Colombia’s Coffee Triangle

The moment I read about Colombia’s coffee triangle (Pereira, Manizales and Armenia), I was fixated on a visit. Delicious coffee, rolling hills, perfect comfortable temperature – check, check and check. Following fellow overlanders advice (LifeRemotely and SeventeenBySix), we decided to visit Hacienda Venecia just south of Manizales and  La Serrana in Salento, a little outside of Armenia.

Hacienda Venecia

I thought I had died and gone to heaven when we arrived at Venecia (northern point of the coffee triangle). Jorge greeted us in the parking lot with a smile and hand shake. He gave us the grand tour of the hostel which included a pool, ample common space, spotless bathrooms and a large well stocked kitchen. George and I nearly fell over when he showed us the professional espresso maker and told us coffee was free. FREE. He then proceeded to give us a demo. Trumpets sounded in the background.


Venecia is a large award winning coffee farm, so G and I decided to take the coffee tour. The tour was extremely educational, if not a little mind bending. My takeaway are as follows:

  • Colombia can harvest at least twice at year, because they have two wet and two dry seasons which means fresher coffee.
  • Colombia only exports the good stuff. This is controlled by a central organization to protect Colombia’s coffee brand.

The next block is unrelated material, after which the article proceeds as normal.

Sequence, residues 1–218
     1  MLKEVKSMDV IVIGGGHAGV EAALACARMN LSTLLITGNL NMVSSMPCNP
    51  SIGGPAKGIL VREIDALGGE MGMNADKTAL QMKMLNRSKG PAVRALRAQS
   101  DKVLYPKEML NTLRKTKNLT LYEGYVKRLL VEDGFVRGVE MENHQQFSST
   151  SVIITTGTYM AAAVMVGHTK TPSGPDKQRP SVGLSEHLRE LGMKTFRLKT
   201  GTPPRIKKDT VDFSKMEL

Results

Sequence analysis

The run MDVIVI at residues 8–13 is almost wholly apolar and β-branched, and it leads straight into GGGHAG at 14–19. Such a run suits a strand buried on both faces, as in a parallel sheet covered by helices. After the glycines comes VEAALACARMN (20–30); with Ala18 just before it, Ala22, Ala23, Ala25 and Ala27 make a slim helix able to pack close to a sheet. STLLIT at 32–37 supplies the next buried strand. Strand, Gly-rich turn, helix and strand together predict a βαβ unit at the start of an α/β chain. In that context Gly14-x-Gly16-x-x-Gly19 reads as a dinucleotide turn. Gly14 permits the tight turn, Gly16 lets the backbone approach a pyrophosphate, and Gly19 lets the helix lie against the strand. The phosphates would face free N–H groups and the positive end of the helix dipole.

• See last point.  Because the good stuff leaves, Colombia’s coffee culture is what you might expect. Colombians prefer their coffee very sweet to mask the bitterness.
  • Coffee roasting is complex (countless scents and flavors), so I’ve opted to just enjoy the final product.


With more time, we would have taking advantage of the close proximity to Los Nevados National Park – yet another reason to visit the area.

Salento and Hostel La Serrana

Knowing we had to keep moving, we pulled the espresso IVs out of our arms and headed south to Salento and Hostel La Serrana (southern end of the coffee triangle). Salento is another small colonial town getting popular with foreigners for it’s easy access to Valle de Cocora.


The first thing we set eyes on pulling into La Serrana was Vida’s doppelgänger, a Land Cruiser with the same tent owned by a Dutch couple. La Serrana is a nice big hostel with great views and lots of space, but without fail it is jammed packed. It is a growing trend for hostels like La Serrana to offer volunteer programs in exchange for food and lodging. Gardening was one of the volunteer jobs offered there.


We hiked into Valle de Cocora (known for the sky high wax palms) the following day. It is a loop hike that takes you past farms and then through forests while you crisscross a river. Be prepared for mud. This is followed by plenty of switchbacks as you climb. Do not fret though, the good stuff soon begins. At the top, there is a nice little area with benches to have a snack. It is then time to hike down through the valley. The wax palm soldiers stand at attention in greeting.  All-in-all, a pretty easy and pretty beautiful hike. If you’re feeling lazy, don’t do the loop. Hike in the opposite direction and skip the river bit.


I could have easily killed a week or two in Colombia’s coffee triangle. The coffee is just the beginning. There are plenty of ways to explore nature and appreciate your surroundings.